The Many Selves of Katherine North by Emma Geen


When we first meet Kit, she’s a fox.

Nineteen-year-old Kit works for the research department of Shen Corporation as a phenomenaut. She’s been “jumping”–projecting her consciousness, through a neurological interface–into the bodies of lab-grown animals made for the purpose of research for seven years, which is longer than anyone else at ShenCorp, and longer than any of the scientists thought possible. She experiences a multitude of other lives–fighting and fleeing as predator and prey, as mammal, bird, and reptile–in the hope that her work will help humans better understand the other species living alongside them.

Her closest friend is Buckley, her Neuro–the computer engineer who guides a phenomenaut through consciousness projection. His is the voice, therefore, that’s always in Kit’s head and is the thread of continuity that connects her to the human world when she’s an animal. But when ShenCorp’s mission takes a more commercial–and ominous–turn, Kit is no longer sure of her safety. Propelling the reader into the bodies of the other creatures that share our world, The Many Selves of Katherine North takes place in the near future but shows us a dazzling world far, far from the realm of our experience

The Many Selves of Katherine North by Emma Geen

Published: 2 July 2016 by Bloomsbury

Source: ARC via Netgalley


Although this story wasn’t quite what I expected, I liked the underlying concept. Some of my favourite SF stories follow characters who experience what it is like to have their consciousness uploaded into another humanoid body. This novel explores what it could be like to inhabit any kind of body through this technology. Kit inhabits and studies the different bodies of animal species but her company wants her to promote this technology as a form of recreation. The marketing poster girl aspect of Kit reminded me of ‘The Girl Who Was Plugged In’ by James Tiptree, Jr.

At first, I felt a bit distant from Kit’s scientific approach to maintaining her human sense of self when she is inside another animal’s body. I found it hard to imagine how a person is able to maintain that human sense of self when their embodied sense of the world is completely changed through inhabiting the body of a spider, whale, elephant, fox etc. However, the novel does explore the different experiences and consequences of coming back to a human body after such world-swapping experiences later on. The conflict between one’s human self and another self is explored quite well when Kit has to guide inexperienced people from the public who want to try body jumping.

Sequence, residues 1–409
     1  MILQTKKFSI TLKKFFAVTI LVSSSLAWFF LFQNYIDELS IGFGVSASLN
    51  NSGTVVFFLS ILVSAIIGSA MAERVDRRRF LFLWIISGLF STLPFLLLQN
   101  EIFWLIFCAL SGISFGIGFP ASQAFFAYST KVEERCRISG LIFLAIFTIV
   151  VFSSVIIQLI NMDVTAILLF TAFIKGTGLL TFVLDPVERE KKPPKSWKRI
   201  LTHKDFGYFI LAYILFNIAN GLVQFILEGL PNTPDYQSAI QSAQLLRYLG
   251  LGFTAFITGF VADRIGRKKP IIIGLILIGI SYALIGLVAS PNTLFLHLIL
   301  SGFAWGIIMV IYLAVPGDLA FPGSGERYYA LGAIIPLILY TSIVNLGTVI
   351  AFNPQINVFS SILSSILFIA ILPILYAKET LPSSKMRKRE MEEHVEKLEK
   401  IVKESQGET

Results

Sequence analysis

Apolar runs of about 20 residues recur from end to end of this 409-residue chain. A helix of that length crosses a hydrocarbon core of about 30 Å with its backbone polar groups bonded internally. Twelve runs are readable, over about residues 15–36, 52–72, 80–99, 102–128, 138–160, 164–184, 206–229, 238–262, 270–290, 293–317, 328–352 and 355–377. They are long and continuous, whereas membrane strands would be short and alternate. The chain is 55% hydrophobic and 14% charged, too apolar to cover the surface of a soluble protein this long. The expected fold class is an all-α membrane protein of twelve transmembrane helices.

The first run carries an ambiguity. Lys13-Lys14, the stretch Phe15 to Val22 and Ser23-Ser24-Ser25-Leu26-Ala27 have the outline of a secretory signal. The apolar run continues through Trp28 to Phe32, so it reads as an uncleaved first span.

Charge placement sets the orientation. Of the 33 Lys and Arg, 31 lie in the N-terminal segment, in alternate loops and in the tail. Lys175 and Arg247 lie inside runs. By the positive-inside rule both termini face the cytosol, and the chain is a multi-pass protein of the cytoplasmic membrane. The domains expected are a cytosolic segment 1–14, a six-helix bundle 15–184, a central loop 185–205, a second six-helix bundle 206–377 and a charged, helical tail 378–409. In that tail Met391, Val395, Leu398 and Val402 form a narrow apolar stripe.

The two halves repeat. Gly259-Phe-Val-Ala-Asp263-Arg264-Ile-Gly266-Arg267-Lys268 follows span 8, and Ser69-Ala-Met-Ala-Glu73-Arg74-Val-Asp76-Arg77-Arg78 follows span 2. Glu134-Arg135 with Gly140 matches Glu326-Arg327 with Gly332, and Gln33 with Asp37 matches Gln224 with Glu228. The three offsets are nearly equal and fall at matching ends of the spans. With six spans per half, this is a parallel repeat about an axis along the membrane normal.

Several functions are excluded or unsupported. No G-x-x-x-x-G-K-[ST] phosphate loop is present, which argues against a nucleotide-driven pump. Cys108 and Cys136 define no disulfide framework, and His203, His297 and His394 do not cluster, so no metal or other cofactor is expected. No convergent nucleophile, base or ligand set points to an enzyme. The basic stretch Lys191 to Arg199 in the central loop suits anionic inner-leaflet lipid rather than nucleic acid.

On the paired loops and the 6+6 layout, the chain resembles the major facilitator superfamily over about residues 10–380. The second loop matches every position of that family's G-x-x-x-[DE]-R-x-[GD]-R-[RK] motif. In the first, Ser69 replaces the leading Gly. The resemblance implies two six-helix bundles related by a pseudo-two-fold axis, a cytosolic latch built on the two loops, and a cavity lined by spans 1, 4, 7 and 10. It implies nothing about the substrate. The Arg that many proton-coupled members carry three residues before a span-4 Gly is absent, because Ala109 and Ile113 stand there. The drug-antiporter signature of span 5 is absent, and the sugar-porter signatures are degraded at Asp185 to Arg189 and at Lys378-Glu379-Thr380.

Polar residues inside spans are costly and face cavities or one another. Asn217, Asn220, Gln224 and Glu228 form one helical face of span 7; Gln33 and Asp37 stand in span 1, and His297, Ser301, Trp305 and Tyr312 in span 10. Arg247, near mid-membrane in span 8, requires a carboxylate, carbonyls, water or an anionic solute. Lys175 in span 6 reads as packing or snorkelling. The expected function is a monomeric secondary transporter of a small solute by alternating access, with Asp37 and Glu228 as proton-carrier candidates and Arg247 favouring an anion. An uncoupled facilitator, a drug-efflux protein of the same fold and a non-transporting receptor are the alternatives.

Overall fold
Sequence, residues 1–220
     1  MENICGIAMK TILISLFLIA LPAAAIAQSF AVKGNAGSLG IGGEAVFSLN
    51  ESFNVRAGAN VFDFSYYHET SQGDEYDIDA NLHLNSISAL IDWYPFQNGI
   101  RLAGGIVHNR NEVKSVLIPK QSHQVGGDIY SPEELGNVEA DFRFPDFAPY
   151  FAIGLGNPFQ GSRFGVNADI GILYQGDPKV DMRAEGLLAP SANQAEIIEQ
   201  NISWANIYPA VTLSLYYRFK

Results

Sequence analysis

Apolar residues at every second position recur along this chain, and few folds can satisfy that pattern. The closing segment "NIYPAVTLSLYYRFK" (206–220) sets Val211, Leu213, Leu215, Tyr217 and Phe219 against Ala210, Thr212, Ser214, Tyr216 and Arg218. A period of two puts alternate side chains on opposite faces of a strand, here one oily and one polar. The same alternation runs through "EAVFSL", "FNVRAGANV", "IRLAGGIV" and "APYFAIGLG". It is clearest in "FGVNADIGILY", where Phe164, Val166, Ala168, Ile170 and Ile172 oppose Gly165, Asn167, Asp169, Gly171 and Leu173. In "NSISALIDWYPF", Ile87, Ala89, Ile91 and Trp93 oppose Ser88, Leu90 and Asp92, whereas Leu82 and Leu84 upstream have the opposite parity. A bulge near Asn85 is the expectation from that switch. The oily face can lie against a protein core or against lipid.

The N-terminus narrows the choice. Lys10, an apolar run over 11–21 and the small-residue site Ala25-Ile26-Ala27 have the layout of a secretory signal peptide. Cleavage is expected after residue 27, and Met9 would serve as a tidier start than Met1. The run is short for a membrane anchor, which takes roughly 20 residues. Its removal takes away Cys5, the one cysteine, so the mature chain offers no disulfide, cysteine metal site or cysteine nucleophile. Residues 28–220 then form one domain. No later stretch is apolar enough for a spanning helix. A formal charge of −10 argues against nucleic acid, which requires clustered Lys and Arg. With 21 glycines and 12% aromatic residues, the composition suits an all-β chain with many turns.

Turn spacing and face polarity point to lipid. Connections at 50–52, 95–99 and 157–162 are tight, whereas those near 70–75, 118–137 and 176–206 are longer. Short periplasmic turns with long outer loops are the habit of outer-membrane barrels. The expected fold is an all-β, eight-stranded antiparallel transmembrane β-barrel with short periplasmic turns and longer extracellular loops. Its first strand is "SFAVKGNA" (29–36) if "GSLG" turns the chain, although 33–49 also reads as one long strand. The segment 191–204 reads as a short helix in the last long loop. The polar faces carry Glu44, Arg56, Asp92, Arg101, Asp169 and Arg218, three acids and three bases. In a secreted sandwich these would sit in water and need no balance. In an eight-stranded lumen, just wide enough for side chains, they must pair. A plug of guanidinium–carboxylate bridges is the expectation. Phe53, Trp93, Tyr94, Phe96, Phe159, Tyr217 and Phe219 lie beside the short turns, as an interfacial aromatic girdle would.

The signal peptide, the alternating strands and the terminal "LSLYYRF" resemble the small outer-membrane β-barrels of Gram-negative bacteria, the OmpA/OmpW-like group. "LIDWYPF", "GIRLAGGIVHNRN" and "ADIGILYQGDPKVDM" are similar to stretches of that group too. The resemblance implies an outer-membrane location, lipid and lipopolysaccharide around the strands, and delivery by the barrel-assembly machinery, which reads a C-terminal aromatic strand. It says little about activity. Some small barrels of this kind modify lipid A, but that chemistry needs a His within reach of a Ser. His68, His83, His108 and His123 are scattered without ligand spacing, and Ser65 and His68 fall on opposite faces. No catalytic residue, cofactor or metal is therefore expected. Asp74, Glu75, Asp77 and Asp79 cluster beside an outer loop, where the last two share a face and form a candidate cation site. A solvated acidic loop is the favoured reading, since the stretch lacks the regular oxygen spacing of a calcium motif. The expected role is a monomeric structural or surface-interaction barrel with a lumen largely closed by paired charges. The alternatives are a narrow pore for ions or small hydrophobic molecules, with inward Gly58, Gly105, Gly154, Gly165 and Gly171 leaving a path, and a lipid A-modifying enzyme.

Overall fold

I could see why Buckley, her anchor/monitor used language as a way to maintain that human sense of self. I came to understand Kit’s character better when I learned about her past experiences. The ending took on a bittersweet coming of age arc, which I did not expect but nevertheless, appreciated.

3 thoughts on “The Many Selves of Katherine North by Emma Geen

  1. Ooh, this sounds like an incredibly interesting read and with so many points of intrigue and originality- the uploading of consciousness into different bodies that you say is familiar in a couple of sci-fi worlds you’ve read is such an interesting premise to be working with, and I think I’ve only read two books where that sort of thing happens- and now I think of it, one was sci-fi and one was… fantasy/sci-fi, so I guess it’s a theme that is primarily kept to the genre. The idea of uploading/jumping into the bodies of different animals, though, and getting to see the character’s viewpoint from all those different creatures, it’s just so tantalising for me, and I’m definitely going to add this to my tbr.

    Also? Wow that cover is gorgeous.

    I’d have to agree with your thoughts on how easy it would be for Kit to keep her sense of self/identity when she’s going in and out of so many animals and her whole perspective is essentially shifting; it seems like you would fall into the creature whose body you’re occupying, rather than carry your fullness of self to each animal, but I’ll still be interested to see how that’s approached and how I feel about it, retrospectively.

    Lovely review, Glaiza! I’m super keen to read this now!


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